“I like to study, even though there is fighting everywhere in Mogadishu,” says Bashir Gedi, a 15-year-old student in the Somalian capital. “Education is more important for me because if I can get an education, then I can help rebuild my country.”
Somalia has been without effective central government for almost two decades. Most state institutions have vanished in large parts of the country — schools are no exception.
In the northeast and northwest of Somalia, where there has been relative stability, schools have been operating almost as normal; it is in the southern and central regions of the country — including the capital — that the education system has collapsed.
According to the United Nations, nearly half of the two million residents of the Somali capital have fled their homes since February 2007 when Somali government forces backed by Ethiopian troops toppled an Islamist administration in south and central Somalia, setting off a conflict that has killed 12, 500 mostly civilians, wounded 25,000 others and forced hundreds of thousands from their homes.
Most schools in south Somalia have either been deserted or turned into army bases by the Ethiopian and Somali government troops. Those soldiers have on many occasions raided schools in the capital, accusing them of being madressahs that educate and produce militant insurgents. Teachers have been singled out for harassment and arrest as they struggle to provide an education to the young in Somalia.
Mohamed Gashan is a secondary school teacher. He spent a week in detention after he was arrested by Somali security forces on suspicion of having links to Islamist fighters. He was later released for lack of evidence.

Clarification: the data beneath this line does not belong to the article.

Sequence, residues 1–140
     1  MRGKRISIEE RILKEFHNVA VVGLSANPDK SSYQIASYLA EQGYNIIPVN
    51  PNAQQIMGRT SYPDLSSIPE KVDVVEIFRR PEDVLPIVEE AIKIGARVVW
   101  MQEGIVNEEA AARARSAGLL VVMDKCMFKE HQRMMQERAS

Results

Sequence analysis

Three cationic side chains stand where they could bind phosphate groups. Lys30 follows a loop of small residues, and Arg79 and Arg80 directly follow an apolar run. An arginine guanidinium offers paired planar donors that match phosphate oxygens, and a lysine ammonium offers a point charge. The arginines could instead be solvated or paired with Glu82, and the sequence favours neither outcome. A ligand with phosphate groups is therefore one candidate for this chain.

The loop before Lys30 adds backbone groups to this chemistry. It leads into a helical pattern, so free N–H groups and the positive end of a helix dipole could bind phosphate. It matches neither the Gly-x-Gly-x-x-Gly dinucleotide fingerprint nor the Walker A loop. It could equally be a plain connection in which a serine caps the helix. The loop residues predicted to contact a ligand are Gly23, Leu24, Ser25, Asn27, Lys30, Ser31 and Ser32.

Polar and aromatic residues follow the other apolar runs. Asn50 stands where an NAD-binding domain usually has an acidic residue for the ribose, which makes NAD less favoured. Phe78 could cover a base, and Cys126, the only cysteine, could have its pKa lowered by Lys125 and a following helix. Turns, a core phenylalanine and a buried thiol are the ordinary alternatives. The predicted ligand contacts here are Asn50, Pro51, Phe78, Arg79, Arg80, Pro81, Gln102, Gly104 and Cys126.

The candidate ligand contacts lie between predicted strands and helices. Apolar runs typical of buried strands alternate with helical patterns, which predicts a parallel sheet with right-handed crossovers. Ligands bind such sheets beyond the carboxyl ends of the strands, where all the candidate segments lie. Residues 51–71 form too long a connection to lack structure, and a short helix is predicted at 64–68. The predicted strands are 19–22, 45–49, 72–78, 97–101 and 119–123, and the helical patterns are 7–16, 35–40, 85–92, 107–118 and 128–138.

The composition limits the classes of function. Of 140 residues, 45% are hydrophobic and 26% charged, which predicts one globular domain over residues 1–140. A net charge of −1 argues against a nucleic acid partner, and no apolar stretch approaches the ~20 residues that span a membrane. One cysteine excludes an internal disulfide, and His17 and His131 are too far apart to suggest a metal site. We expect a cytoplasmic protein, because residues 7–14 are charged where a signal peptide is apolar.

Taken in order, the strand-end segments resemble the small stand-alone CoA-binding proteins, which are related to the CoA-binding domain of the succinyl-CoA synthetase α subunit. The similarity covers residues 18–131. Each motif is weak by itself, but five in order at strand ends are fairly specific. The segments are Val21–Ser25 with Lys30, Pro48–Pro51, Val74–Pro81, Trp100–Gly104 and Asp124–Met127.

Schools themselves have also been targeted. “The (Somali government) forces entered our school during final examinations, and forcibly searched students and teachers — the whole school was searched for weapons,” Abdinasir Abdullahi, head teacher of Iqra Annamudajiah school in Mogadishu told IPS, “We have really been harassed and terrorized by the experience.”
The fact that nothing has yet been found to link the schools with any of the insurgent groups fighting the Somali government forces and their Ethiopian allies has not protected them from further raids.
In June, a roadside bomb went off close to another school in Mogadishu, killing a senior police commander and wounding five people including two school children. Forces of the Somali transitional government raided the school shortly afterwards, forced the students and the teachers out and burned part of the school.
That is the kind of determination that drives parents, teachers and students alike in their desire to continue education even in the worst hours of adversity. A desire that can prove costly in the face of the indiscriminate targeting of civilians by the very institutions that are meant to protect them.
Despite the difficulties, local communities have pooled their resources to rebuild schools and send their children to be educated.
In the central Somali town of El Bur for example, community leaders collected contributions from local business people and the general public, as well as calling on Somalis in the Diaspora to pay for the renovation of the town’s only school. Some of the better-educated people of the town then volunteered to teach the students who have been trickling in since enrolment began early last year.
A number of such small-scale projects have restarted schools in the capital and elsewhere. Even in the newly-formed camps for internally displaced people on the outskirts of the Somali capital, makeshift schools have been created alongside the flimsy shelters. Students sit on the bare ground with long boards as books and improvised ink and small sharpened sticks as their pens so as to get a semblance of education.
Many teachers volunteer their services while doing other jobs to sustain themselves. Students and teachers alike brave gunfire, roadside bombs, stray bullets, and shells, and the frequent street closures that — freeze movement for hours in Mogadishu — to get to the schools that are still open.
“We believe that it is a must for our children to be educated, whatever the risk,” says Farah Nur, a father of seven school-age children. — IPS News